What’s actually happening on the Texas-Mexico border?
There are two competing narratives. When she visited El Paso on June 25, Vice President Kamala Harris said “we have seen extreme progress over these last few months.” But touring the Rio Grande Valley five days later, Texas Gov. Greg Abbott declared “the Biden administration is completely failing” in securing America’s southern perimeter.
So which does the evidence support?
“Facts say the governor is right and make it difficult to figure out Ms. Harris’ definition of ‘extreme progress,’” says Kelly Hancock, Republican chairman of the state Senate Veterans Affairs and Border Security Committee chairman. Mr. Hancock was on Mr. Abbott’s tour and attended briefings by Col. Steven McGraw, Texas Department of Public Safety director, and Texas sheriffs.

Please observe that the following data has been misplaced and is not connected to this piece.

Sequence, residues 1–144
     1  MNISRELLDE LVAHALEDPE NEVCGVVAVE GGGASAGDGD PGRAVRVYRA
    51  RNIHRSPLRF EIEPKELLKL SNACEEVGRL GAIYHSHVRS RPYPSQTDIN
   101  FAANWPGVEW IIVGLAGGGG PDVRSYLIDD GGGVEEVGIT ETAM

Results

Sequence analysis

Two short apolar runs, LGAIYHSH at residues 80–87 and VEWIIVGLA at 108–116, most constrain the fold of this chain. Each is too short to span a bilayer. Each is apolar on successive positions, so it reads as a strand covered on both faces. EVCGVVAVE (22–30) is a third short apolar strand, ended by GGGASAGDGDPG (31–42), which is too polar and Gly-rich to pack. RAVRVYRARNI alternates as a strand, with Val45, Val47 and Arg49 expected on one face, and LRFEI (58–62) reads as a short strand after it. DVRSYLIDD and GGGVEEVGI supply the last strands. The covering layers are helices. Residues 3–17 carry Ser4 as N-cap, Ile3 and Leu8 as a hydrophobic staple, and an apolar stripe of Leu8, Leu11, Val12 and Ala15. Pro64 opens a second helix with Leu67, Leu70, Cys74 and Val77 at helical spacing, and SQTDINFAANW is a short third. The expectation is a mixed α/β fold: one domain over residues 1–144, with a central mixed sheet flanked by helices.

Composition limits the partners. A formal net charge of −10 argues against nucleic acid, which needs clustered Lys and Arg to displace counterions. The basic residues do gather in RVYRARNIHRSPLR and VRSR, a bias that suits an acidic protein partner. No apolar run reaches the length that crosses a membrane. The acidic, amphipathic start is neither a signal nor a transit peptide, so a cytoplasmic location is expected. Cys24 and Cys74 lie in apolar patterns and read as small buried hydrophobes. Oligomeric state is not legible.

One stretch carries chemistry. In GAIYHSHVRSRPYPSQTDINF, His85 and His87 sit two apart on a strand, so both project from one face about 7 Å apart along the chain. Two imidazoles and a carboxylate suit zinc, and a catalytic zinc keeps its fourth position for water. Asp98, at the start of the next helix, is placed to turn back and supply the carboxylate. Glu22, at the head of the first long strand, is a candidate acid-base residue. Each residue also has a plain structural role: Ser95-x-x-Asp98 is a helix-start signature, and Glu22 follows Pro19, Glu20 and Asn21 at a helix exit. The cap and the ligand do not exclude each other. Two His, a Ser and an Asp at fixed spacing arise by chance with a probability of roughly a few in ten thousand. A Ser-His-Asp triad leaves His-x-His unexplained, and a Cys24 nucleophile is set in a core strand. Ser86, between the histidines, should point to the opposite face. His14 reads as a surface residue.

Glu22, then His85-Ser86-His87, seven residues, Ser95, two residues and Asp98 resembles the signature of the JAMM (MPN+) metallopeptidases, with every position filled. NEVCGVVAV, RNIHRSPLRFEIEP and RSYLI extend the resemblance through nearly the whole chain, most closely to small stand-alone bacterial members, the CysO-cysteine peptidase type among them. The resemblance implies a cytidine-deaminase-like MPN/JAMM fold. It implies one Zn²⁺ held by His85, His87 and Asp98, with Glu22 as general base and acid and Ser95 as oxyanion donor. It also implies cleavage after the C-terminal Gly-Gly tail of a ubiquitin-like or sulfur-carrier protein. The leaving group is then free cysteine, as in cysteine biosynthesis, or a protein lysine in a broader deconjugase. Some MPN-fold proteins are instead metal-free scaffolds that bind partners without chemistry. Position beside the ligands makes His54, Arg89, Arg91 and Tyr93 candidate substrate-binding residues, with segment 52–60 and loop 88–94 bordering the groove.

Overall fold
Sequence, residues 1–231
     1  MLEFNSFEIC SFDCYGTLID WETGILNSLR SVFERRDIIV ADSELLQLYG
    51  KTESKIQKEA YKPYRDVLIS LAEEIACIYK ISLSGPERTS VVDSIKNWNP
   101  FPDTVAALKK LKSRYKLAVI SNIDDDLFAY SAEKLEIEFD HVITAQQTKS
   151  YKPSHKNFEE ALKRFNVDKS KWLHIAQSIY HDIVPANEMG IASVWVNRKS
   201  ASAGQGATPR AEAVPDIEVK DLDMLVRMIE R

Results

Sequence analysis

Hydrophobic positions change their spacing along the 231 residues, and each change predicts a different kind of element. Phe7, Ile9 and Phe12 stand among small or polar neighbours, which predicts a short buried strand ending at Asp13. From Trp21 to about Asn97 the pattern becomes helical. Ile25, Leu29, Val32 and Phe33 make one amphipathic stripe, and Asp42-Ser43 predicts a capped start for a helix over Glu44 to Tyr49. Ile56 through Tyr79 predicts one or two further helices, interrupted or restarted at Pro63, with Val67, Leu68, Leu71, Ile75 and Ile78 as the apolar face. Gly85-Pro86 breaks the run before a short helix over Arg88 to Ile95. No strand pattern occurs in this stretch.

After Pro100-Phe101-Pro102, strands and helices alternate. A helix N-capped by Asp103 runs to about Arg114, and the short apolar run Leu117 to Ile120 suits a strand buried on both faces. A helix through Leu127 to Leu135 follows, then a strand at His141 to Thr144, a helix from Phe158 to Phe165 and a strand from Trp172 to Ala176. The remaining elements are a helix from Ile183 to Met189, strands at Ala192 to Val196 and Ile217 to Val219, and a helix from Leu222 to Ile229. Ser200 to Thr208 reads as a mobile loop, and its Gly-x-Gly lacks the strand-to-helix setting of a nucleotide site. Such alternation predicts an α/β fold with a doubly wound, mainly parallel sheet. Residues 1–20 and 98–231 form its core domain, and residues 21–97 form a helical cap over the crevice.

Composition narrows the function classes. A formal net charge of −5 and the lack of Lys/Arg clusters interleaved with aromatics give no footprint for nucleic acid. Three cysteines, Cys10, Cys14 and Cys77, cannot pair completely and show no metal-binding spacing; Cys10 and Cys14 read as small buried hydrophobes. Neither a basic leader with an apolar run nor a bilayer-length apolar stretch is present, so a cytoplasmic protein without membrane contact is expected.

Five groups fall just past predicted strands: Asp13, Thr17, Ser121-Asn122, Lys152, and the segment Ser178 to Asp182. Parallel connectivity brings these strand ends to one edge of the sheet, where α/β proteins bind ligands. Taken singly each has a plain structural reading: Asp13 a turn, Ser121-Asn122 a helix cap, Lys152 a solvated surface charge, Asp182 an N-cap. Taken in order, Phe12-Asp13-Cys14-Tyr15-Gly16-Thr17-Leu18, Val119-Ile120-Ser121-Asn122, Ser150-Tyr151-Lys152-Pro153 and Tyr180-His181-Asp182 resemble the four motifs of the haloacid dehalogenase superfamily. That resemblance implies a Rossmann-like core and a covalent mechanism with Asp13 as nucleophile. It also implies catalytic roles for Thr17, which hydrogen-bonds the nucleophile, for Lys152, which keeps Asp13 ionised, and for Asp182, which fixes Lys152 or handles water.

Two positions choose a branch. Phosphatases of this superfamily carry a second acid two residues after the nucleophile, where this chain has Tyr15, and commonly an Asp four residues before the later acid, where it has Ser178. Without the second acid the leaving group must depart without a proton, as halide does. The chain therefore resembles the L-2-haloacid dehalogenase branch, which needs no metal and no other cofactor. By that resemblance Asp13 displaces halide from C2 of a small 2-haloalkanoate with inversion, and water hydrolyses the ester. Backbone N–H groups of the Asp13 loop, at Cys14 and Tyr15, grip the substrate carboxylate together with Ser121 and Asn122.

Customs and Border Protection numbers support Mr. Hancock’s observation. As of May, there had been 271,927 encounters—detentions or arrests of people illegally entering the U.S.—in the Rio Grande Valley this fiscal year, up 172% over fiscal 2018 at the same point. Further west, the Laredo sector has seen 76,670 encounters, up 250% over the numbers this time in the 2018 fiscal year. In the Del Rio sector there have been 118,314 encounters—a jump of 1,067%. Even in El Paso, where Ms. Harris declared “extreme progress,” the fiscal year’s total was 113,824 encounters, or a 563% increase year over year.